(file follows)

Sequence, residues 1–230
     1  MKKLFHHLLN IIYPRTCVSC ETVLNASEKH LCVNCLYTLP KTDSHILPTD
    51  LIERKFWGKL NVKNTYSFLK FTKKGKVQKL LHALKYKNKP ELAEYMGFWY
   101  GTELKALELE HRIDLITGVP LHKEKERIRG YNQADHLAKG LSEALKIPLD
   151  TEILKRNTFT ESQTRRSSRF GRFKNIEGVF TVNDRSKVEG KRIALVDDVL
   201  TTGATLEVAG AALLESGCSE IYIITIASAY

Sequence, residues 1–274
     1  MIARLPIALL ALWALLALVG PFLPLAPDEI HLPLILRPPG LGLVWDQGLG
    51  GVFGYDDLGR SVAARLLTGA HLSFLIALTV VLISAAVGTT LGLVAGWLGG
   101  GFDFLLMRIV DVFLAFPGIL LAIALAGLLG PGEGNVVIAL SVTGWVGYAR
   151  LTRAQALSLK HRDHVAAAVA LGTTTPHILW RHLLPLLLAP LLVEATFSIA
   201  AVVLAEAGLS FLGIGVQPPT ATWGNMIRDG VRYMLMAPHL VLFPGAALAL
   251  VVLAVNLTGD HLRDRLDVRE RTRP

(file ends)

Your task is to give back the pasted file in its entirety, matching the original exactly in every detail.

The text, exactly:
Sequence, residues 1–230
     1  MKKLFHHLLN IIYPRTCVSC ETVLNASEKH LCVNCLYTLP KTDSHILPTD
    51  LIERKFWGKL NVKNTYSFLK FTKKGKVQKL LHALKYKNKP ELAEYMGFWY
   101  GTELKALELE HRIDLITGVP LHKEKERIRG YNQADHLAKG LSEALKIPLD
   151  TEILKRNTFT ESQTRRSSRF GRFKNIEGVF TVNDRSKVEG KRIALVDDVL
   201  TTGATLEVAG AALLESGCSE IYIITIASAY

Sequence, residues 1–274
     1  MIARLPIALL ALWALLALVG PFLPLAPDEI HLPLILRPPG LGLVWDQGLG
    51  GVFGYDDLGR SVAARLLTGA HLSFLIALTV VLISAAVGTT LGLVAGWLGG
   101  GFDFLLMRIV DVFLAFPGIL LAIALAGLLG PGEGNVVIAL SVTGWVGYAR
   151  LTRAQALSLK HRDHVAAAVA LGTTTPHILW RHLLPLLLAP LLVEATFSIA
   201  AVVLAEAGLS FLGIGVQPPT ATWGNMIRDG VRYMLMAPHL VLFPGAALAL
   251  VVLAVNLTGD HLRDRLDVRE RTRP